What’s the Difference Between a Web Designer and a Web Developer?

CareerFoundry Blog contributor Eric An

You may have noticed that there’s still a great deal of confusion surrounding the job roles web designer vs web developer.

If you’re thinking about becoming a web developer, it can be hard to know where to start.

To help clear things up a bit, in this article I’m going to show the difference between a web developer and a web designer by first defining each role, looking at the tools and resources needed for each, and tear down the personality types which suit one or the other.

By the end of this post you should know not only the difference between web development and web design (and believe me, there are big differences!), but also which career choice is the right one for you.

If you’d like to focus on one topic in particular, simply select it from the list below and jump straight to it:

  1. Definitions of a web developer and a web designer
  2. What kind of salaries can web designers and web developers expect to earn?
  3. What tools do web designers and web developers use?
  4. How do web designers’ and web developers’ portfolios differ?
  5. Do web developers and designers need to be more right-brained or left-brained?
  6. Web development or web design: Which career is for you?

1. Definitions of a web developer and a web designer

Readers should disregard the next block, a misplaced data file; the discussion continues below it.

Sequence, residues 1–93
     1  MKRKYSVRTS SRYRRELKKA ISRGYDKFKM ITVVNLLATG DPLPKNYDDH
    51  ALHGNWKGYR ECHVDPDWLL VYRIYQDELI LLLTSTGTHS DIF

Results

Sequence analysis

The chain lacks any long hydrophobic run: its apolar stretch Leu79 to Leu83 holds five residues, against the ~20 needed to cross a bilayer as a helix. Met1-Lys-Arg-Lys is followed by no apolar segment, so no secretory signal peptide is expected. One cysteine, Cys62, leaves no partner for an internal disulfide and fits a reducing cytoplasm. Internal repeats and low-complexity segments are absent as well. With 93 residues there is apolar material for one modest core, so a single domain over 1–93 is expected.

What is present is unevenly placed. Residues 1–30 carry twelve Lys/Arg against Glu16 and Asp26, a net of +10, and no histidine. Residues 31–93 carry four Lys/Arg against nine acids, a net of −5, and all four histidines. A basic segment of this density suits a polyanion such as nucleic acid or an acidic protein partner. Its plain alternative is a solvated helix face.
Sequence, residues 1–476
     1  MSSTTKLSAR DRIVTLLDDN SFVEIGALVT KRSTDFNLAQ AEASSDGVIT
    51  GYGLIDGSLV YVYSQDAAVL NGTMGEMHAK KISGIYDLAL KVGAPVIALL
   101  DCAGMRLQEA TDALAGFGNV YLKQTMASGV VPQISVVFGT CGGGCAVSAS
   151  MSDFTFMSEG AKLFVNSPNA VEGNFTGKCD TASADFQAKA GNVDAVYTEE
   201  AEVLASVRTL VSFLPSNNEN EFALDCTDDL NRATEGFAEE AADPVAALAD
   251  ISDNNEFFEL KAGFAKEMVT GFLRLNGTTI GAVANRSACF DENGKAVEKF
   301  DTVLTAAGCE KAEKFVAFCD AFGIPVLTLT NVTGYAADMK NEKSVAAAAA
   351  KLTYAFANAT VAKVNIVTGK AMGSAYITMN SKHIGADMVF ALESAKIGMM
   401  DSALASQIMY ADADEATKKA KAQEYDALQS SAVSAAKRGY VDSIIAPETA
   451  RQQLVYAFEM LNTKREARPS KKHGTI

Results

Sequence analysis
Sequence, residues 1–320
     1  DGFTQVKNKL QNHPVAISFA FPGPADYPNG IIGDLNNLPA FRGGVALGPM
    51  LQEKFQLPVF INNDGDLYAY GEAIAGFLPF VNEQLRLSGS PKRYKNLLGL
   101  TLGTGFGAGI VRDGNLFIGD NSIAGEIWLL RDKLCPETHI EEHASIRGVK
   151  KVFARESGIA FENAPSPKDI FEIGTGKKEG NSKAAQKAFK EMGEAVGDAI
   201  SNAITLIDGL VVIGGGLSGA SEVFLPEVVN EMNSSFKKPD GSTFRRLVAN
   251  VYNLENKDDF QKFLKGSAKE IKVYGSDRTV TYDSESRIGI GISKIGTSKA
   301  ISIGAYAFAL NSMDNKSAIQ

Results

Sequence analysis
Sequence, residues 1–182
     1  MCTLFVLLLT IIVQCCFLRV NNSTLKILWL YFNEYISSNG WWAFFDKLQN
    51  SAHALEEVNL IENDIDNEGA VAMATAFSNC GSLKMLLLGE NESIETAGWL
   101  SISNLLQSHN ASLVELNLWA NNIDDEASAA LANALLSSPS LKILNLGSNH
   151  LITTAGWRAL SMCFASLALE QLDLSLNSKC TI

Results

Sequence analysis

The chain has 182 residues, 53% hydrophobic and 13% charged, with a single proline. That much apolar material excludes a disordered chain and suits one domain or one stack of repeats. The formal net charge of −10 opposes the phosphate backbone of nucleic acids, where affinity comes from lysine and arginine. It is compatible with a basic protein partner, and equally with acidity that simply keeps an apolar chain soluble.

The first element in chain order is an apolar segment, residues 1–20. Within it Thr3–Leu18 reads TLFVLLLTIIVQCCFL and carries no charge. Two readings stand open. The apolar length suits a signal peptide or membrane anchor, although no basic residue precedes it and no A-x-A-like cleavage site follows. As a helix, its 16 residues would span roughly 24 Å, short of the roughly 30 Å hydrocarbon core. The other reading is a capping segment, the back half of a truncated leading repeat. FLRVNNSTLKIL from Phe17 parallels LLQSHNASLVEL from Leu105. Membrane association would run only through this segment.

A useful way of illustrating the difference between a web developer and a web designer, is framing the comparison through something we all know.

So, I want you to imagine a web developer and a web designer getting together to build a car.

A web developer would be responsible for using various components like the engine, transmission, wheels, etc. to construct a fully-functional car that is error-free in its technical aspects.

web designer would be responsible for the aesthetic design of the car (the comfort of the seats, the layout of the dashboard, etc.) as well as the convenience in driving and riding in the car.

Makes sense, right?

Just as ostriches and zebras travel together in nature to survive, web developers and designers have a symbiotic relationship in working together to create an amazing product.

Maybe you’d like us to explain more about the differences in video form:

2. What kind of salaries can web designers and web developers expect to earn?

The big question: money. According to Glassdoor, the median annual pay for web developers is $82,454 (in the US, as of March 2023), while the median annual pay for web designers is around $65K.

However, this is subject to many variables including location, experience, and skillsets. You can learn more in this guide to web developer salaries around the world. Web designer salaries are also high, but it is broken down by various factors.

A web developer working at his laptop at home

3. What tools do web designers and web developers use?

A key way of splitting the difference between a web developer and a web designer, is which tools they are using in their day-to-day jobs.